IBM claims new eDRAM will double processor performance
San Francisco (CA) – IBM today revealed first data about a new embedded DRAM device, which the company claims achieves record access times. The technology is expected to debut in 2008 as part of the 45 nm generation of IBM processors.
According to the company, the eDRAM chip “vastly improves microprocessor performance in multi-core designs and speeds the movement of graphics in gaming, networking, and other image intensive, multi-media applications.” Shown as a 65 nm concept at the currently held International Solid State Circuits Conference (ISSCC), IBM claims that the eDRAM exceeds the performance of conventional SRAM, which is typically used for on-die CPU cache, in about one-third the space with one-fifth the standby power.
DRAM’s history goes back to 1970 and was driven since then mainly by cost factors, while logic technologic has received a more performance-focused evolution. IBM said that this environment has led to a widening gap between slower memory and faster logic devices, which resulted in a need for increasingly complex levels of memory hierarchies. Today, “DRAM can provide six to eight times as much memory as SRAM in the same area, but has been too slow to be used at any cache level,” IBM said.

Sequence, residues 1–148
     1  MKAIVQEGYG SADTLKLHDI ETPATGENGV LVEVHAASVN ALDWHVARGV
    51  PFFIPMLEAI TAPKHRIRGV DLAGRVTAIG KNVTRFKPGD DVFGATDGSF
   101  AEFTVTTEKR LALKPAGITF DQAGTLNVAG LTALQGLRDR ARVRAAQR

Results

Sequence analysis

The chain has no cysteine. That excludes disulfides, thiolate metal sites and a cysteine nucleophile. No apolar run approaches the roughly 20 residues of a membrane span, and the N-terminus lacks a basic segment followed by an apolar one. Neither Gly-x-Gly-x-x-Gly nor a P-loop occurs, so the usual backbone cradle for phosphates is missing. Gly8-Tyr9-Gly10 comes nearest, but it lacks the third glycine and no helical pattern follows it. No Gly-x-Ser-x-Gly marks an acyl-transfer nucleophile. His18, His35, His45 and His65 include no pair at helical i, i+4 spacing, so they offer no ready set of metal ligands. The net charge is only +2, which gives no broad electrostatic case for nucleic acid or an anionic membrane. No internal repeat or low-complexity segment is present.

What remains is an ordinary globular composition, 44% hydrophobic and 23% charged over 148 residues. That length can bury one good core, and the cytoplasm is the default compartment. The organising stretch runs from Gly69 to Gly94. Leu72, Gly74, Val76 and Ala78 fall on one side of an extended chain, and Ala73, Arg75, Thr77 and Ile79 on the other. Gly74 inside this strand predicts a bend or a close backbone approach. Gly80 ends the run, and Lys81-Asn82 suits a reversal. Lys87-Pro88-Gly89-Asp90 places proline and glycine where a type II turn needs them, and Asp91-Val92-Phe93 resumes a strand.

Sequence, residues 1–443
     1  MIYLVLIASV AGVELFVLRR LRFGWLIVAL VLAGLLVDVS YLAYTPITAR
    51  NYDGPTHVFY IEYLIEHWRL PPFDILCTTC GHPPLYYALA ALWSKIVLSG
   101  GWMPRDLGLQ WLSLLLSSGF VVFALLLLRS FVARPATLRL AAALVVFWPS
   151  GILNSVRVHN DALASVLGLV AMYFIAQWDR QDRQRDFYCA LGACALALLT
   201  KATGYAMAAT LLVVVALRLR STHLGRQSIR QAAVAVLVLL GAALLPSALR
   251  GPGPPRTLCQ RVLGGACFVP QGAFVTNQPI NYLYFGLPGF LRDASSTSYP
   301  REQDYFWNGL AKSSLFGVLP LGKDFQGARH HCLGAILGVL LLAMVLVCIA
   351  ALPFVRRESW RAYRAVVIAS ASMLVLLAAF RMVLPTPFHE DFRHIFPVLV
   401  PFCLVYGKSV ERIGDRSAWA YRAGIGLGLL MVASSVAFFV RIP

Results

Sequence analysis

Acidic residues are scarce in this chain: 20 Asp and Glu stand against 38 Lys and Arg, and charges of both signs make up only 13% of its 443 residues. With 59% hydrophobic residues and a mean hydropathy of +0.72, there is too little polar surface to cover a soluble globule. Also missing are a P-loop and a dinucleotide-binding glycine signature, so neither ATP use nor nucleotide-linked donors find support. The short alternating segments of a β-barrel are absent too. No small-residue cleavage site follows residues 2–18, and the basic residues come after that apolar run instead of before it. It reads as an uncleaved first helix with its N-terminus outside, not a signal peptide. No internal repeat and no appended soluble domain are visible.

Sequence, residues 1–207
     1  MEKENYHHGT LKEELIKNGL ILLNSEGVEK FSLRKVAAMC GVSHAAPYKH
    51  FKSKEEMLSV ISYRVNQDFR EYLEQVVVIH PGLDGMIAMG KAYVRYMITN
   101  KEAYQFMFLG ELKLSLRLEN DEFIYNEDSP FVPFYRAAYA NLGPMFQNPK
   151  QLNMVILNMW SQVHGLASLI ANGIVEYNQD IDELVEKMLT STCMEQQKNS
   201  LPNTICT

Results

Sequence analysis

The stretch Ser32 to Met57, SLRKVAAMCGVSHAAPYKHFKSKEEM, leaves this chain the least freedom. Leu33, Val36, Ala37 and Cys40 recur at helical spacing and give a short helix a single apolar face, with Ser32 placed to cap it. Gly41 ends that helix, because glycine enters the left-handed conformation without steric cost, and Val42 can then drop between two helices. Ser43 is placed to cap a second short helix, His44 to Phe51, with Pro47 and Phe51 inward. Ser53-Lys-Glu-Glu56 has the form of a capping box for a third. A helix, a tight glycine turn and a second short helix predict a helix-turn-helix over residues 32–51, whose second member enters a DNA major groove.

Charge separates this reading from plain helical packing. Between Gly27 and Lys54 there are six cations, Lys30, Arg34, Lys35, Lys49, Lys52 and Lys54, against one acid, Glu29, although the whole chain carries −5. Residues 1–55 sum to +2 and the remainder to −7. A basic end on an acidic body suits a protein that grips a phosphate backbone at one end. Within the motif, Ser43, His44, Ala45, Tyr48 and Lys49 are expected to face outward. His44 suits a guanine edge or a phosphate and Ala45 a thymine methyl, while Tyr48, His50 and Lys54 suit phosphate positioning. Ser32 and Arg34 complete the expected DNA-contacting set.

With a random cycle time of 2 ns and a latency of 1.5 ns, IBM now is convinced that DRAM is ready to be integrated into the CPU with the goal to replace SRAM. “With this breakthrough solution to the processor/memory gap, IBM is effectively doubling microprocessor performance beyond what classical scaling alone can achieve,” said Dr. Subramanian Iyer, distinguished engineer and director of 45 nm technology development at IBM, in a prepared statement. “As semiconductor components have reached the atomic scale, design innovation at the chip-level has replaced materials science as a key factor in continuing Moore’s Law.”
eDRAM so far has been used in applications ranging from supercomputing to gaming. For example, IBM’s BlueGene/L system uses eDRAM as L3 cache technology, while game consoles such as the Gamecube, the Xbox 360 and the Wii have been using eDRAM as embedded memory technology for their graphics processors. Compared to conventional DRAM modules, integrating DRAM has provided a key advantage of performance gains eliminating the need to drive I/O signals to external memory chips. eDRAM manufacturers such as NEC also believe that the technology will make its way into mobile application due to the low power consumption of eDRAM devices.